As their name implies, oyster catchers like to eat oysters. An oyster catcher will use the blade-like bill to reach into a slightly opened oyster. Once the bill is inside the shell, the damage is done and so is the oyster. It may not seem like it, but eating bivalves can be risky. Oyster catchers have been reported to drown when a bivalve puts the squeeze on their beak and the tide rolls in. They will also eat other bivalves, worms, crabs and urchins.

Of the two oyster catcher nests, only the nest with the two eggs hatched out, the three eggs in the other nest most likely were victimized by a predator since the chicks were never seen. Hopefully they also hatched out and the chicks were guided undetected to the safety of the nearby marsh grass.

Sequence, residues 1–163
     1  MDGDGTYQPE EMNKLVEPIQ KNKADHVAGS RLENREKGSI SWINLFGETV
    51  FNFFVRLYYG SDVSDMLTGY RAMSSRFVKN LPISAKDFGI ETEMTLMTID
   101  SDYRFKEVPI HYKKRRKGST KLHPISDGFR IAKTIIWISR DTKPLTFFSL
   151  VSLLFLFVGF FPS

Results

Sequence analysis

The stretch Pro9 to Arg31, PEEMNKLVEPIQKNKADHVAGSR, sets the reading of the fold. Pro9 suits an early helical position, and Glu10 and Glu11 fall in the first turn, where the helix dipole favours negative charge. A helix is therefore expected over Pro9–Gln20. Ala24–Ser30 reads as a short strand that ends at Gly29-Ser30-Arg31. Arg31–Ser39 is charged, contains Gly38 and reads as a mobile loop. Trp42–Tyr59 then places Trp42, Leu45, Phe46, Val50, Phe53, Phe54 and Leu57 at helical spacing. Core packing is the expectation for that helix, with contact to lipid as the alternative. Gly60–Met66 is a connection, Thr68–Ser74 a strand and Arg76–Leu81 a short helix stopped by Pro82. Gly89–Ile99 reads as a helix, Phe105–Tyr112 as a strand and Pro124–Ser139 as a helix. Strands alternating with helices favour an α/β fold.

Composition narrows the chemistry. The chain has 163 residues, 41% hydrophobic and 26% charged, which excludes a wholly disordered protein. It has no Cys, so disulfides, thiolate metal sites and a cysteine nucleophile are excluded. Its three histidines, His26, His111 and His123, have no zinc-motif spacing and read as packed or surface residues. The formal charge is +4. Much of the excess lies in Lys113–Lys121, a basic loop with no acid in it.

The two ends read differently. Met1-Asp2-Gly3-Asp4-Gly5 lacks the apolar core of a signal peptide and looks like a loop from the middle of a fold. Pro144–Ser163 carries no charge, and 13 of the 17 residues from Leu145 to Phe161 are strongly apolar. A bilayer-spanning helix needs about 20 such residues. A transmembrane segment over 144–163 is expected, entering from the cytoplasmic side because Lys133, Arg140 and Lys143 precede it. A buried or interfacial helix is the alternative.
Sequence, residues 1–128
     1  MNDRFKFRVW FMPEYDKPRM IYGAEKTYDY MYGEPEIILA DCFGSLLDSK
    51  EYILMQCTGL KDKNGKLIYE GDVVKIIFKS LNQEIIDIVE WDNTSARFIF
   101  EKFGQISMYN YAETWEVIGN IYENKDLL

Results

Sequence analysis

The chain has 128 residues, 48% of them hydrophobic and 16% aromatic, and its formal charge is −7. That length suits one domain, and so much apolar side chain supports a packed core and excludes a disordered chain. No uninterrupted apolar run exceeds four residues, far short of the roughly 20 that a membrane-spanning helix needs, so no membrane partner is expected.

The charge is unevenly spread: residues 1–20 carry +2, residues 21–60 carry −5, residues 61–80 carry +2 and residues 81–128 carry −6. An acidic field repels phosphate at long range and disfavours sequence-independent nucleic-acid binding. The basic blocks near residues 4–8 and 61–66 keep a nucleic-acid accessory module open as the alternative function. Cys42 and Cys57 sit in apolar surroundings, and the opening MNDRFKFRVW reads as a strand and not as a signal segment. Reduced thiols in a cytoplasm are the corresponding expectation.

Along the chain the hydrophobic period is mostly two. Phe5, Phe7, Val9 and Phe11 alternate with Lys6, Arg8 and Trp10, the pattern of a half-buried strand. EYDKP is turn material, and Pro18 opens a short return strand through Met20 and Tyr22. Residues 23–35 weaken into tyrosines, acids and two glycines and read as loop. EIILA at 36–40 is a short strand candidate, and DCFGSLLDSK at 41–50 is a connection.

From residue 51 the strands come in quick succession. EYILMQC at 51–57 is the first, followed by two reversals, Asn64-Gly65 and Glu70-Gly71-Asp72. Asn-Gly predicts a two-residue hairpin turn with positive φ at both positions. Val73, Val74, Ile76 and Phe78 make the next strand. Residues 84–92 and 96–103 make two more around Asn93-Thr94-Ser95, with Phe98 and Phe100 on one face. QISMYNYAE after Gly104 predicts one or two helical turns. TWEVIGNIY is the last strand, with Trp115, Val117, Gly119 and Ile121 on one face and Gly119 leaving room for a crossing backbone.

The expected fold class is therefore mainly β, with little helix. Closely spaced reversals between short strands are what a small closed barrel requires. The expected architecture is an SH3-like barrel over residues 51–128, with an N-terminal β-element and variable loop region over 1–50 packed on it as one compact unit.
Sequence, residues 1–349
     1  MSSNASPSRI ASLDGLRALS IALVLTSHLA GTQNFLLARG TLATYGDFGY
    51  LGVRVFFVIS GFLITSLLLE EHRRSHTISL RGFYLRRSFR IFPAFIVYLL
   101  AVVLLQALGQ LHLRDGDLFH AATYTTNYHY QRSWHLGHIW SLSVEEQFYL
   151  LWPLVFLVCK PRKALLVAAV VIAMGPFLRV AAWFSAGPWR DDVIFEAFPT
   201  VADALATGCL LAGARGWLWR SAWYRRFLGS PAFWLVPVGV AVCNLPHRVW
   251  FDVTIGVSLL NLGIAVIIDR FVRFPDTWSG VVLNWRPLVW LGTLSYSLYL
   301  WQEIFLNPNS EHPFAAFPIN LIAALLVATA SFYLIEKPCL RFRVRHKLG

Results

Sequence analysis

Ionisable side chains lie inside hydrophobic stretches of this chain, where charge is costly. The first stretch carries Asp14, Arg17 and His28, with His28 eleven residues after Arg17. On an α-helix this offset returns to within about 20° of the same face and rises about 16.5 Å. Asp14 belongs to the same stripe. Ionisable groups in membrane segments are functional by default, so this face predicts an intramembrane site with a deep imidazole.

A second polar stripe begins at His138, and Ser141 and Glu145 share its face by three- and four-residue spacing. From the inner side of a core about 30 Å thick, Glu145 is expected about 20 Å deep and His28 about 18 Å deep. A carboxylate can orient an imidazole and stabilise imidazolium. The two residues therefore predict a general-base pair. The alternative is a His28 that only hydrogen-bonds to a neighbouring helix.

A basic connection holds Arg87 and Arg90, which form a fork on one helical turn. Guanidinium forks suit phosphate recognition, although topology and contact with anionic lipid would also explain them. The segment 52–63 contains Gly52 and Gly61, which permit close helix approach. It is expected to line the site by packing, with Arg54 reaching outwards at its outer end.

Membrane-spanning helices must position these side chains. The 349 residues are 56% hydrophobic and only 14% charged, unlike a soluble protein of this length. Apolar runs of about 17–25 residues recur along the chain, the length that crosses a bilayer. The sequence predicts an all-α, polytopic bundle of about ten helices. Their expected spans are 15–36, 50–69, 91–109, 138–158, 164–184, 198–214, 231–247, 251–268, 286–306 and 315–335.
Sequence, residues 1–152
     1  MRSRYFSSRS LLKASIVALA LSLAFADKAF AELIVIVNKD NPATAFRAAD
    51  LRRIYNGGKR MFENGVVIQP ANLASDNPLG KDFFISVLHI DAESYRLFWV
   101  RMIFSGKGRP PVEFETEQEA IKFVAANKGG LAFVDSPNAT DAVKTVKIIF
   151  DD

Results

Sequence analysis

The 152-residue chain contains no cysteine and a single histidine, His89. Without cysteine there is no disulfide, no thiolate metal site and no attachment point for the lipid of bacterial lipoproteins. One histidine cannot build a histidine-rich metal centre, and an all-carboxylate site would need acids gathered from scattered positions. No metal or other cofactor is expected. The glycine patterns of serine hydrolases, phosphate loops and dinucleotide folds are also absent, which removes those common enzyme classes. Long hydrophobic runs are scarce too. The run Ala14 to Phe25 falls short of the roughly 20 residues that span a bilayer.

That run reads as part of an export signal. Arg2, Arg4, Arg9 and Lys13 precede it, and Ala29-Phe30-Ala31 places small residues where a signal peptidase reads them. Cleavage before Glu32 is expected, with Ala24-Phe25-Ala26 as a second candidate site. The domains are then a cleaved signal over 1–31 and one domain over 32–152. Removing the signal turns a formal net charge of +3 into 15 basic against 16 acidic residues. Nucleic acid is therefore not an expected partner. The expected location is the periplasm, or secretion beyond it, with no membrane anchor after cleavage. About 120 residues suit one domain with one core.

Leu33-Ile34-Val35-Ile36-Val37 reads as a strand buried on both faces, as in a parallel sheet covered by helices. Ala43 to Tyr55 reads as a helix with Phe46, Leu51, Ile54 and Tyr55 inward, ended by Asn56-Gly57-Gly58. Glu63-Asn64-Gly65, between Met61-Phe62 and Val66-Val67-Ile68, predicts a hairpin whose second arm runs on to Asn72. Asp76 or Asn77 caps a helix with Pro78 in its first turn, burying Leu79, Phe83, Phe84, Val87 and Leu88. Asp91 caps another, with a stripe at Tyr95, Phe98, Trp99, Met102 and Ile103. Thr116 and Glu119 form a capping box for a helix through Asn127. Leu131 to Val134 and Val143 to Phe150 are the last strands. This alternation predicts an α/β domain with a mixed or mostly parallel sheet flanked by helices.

As with many other shorebirds, oyster catcher populations took a nose dive in the late 1800’s when they were hunted for food and their feathers were used to adorn garments. Today, oyster catchers face different threats. Development along our barrier islands has reduced the amount of suitable habitat, crowded beaches discourage nesting and poor water quality has diminished food sources.

The preservation of jewels like Bear Island is important to the survival of oyster catchers and other shorebirds. But it is also necessary to have these natural wonders where we can observe these creatures that nourish our spirit.

About the Author

Sam Bland

Sam Bland spent much of his life out in the field as as a park ranger and park superintendent at the N.C. Division of Parks and Recreation. Most of his 30 years with the division was spent at Hammocks Beach State Park near Swansboro where Sam specialized in resource management and environmental education. He also worked from 2009-18 for the North Carolina Coastal Federation, where he helped develop programs at the education center on Jones Island in the White Oak River. He is also an accomplished photographer.